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Sans everything: the sorry politics of dementia care

Updated Tuesday, 9th March 2010

Dick Skellington says that none of us are doing enough to treat people with dementia well

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Last scene of all
That ends this strange eventful history,
Is second childishness and mere oblivion,
Sans teeth, sans eyes, sans taste, sans everything
- William Shakespeare

By 2025, according to research published this month by Oxford University and the Alzheimer’s Research Trust, the total number of people diagnosed with dementia in the United Kingdom will rise above the one million mark.

Today, the report Dementia 2010 claims, 822,000 people in the United Kingdom are currently suffering from dementia. That's over 122,000 more than the estimate predicted two years ago, and over 100,000 more than the figure which informed the Select Committee on Dementia Care in the Community, a committee still sitting in the backwaters of Westminster deliberating upon the sorry state of care in the United Kingdom.

The report warned that the social and public cost of Alzheimer’s disease and related conditions was far, far higher than expected, and would further increase as our population ages in the next three decades - increasing beyond our capacity to cope.

A woman helps an older one walking outside Creative commons image Icon Rosie O'Beirne under CC-BY-NC-ND licence under Creative-Commons license

People are living longer, yes, but more people, especially those on lower incomes and without the funds to pay for care, are living longer with ill health. Many - especially those suffering from dementia - experiencing a long, lingering and painful demise; many having remortgaged or sold their home to fund inadequate care.

The Select Committee on Dementia Care in the Community Review has been guided by a standpoint paper, Living with dementia: a national dementia strategy.

The paper lists seventeen worthy objectives including:

  • improving awareness;
  • increasing the accuracy of early diagnosis;
  • providing "fit for purpose" information for carers;
  • easy access to, and improved, support and advice;
  • improved quality of care for people with dementia in general hospitals;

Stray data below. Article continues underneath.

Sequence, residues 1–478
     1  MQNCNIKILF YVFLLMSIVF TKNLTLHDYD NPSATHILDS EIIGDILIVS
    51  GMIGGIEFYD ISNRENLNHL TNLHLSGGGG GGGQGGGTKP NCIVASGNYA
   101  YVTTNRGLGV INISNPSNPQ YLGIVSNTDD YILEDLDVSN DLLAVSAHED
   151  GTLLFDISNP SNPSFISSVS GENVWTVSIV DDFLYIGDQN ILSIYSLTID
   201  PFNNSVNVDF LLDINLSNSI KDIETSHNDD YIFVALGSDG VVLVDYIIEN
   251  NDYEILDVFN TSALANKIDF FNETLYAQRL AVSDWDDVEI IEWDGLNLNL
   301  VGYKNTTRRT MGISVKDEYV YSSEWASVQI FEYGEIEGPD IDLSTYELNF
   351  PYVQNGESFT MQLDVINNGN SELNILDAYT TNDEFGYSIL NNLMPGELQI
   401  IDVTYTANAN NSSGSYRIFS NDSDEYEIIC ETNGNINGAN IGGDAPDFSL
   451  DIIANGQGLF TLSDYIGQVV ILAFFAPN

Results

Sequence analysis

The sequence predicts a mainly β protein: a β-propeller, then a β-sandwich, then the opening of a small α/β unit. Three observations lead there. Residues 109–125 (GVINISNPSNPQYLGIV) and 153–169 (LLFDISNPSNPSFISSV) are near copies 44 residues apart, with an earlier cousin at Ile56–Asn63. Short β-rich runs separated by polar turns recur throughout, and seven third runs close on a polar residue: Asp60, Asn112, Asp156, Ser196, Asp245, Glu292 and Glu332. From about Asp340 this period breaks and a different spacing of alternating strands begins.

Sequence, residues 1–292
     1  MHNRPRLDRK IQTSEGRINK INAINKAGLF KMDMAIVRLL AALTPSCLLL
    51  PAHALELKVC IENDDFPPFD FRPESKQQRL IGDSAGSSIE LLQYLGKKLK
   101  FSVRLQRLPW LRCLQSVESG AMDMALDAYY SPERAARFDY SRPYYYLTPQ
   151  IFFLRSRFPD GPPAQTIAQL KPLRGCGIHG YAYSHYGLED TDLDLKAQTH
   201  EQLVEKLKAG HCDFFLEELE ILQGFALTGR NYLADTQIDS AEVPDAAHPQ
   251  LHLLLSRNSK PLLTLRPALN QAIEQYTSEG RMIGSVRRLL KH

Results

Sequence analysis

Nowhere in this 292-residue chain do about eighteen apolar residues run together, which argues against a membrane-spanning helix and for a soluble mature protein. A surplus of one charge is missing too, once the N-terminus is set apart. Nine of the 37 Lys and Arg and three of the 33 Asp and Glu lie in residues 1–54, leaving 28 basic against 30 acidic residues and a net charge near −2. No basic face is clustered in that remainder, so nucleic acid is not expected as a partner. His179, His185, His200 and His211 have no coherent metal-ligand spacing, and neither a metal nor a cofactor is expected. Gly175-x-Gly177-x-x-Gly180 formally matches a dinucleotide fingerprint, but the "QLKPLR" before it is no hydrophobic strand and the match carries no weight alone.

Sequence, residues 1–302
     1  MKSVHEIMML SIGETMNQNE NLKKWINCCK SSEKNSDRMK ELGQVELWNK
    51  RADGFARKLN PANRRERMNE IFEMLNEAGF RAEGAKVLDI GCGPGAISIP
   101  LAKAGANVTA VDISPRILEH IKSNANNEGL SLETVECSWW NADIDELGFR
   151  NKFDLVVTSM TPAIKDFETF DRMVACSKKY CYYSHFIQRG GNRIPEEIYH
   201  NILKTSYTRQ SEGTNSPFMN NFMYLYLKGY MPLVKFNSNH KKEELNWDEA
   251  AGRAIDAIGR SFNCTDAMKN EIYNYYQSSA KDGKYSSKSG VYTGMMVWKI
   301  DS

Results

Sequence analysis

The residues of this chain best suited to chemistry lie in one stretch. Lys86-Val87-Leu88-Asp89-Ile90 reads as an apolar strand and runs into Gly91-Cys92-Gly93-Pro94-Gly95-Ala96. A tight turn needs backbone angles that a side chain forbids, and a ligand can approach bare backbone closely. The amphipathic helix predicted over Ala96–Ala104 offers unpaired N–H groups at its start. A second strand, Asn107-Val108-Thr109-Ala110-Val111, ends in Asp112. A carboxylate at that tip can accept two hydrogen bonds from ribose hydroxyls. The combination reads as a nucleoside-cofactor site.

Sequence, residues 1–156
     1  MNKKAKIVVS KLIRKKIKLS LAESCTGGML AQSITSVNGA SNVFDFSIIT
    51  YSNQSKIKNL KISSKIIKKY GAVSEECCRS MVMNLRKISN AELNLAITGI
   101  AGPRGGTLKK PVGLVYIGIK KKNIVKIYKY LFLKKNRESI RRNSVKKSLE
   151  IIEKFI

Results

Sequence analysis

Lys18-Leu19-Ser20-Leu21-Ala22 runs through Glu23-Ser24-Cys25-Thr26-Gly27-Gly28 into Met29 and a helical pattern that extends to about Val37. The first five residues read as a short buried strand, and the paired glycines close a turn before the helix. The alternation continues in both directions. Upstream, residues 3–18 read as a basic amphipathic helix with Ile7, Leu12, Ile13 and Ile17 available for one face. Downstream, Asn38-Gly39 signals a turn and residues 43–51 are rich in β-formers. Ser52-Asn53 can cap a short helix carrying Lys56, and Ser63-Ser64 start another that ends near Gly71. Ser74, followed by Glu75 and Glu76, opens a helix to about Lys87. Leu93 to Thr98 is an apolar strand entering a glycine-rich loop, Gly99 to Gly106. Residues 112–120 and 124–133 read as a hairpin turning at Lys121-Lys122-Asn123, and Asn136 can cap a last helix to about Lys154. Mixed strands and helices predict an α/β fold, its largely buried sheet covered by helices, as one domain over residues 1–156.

• more effective care for people at home;
  • improved end-of-life experiences for dementia sufferers;
  • providing an informed and effective workforce for people with dementia;
  • more effective research into dementia;
  • "fit for purpose" care home regulation;
  • and ensuring what is called ‘living well with dementia’ in care homes is provided.

The phrase "living well with dementia" acknowledges that, for decades, people have been ‘living badly with dementia’. Many readers, like me, will have distressing painful memories of what this means. [See Catalogue Of Disaster and The NHS is Not the Only Villain]

The Select Committee is taking evidence at a time when cross-party talks on elderly care have broken down in the run up to the expected May election, an election which is bound to result in a Government which has to cut public services.

Our politicians cannot agree, even when seeking a fudge to take elderly care off the election agenda. If social care budgets are to suffer further after the election, if past form is anything to go by, the care of dementia sufferers (together with those suffering from geriatric mental ill-health conditions) will be among the first to be squeezed.

Dementia has 35 million sufferers, worldwide. There is currently no cure. Serious money is needed - billions of pounds, the kind of money that is financing military campaigns in Afghanistan and Iraq, and bailing out banks - to fund research.

Psycho-geriatrics inhabits one of medicine's twilight zones, historically neglected and underfunded. If the Government sponsored 200 psychiatric registrars a year to do an MD in Dementia, our knowledge and capacity to care would improve. To its credit the Government have just appointed a new dementia ‘tsar’ for the United Kingdom: Professor Alistair Burns, an eminent psychiatrist. Let us hope he soon gets to grip with one of the biggest failures: the provision of effective care in the community.

Education can also contribute hugely. The standpoint paper’s laudable goal to provide an informed, trained and effective workforce would be enhanced if Higher Education institutions provided Foundation Degrees in Dementia Care.

At The Open University we have the expertise to do this, but at the moment most of our limited dementia care curriculum forms but a part of one of a raft of topics taught at Levels 1, 2 and 3. The Dementia Services development centre at the University of Stirling is doing its best to begin to fill this vacuum in employment engagement.

It currently costs the economy £23bn a year to struggle to cope with dementia - over twice the cost of cancer care, and three times the cost of heart disease. More worryingly, this figure takes no account at all of the kind of improved care needed if we are to effectively care for dementia sufferers.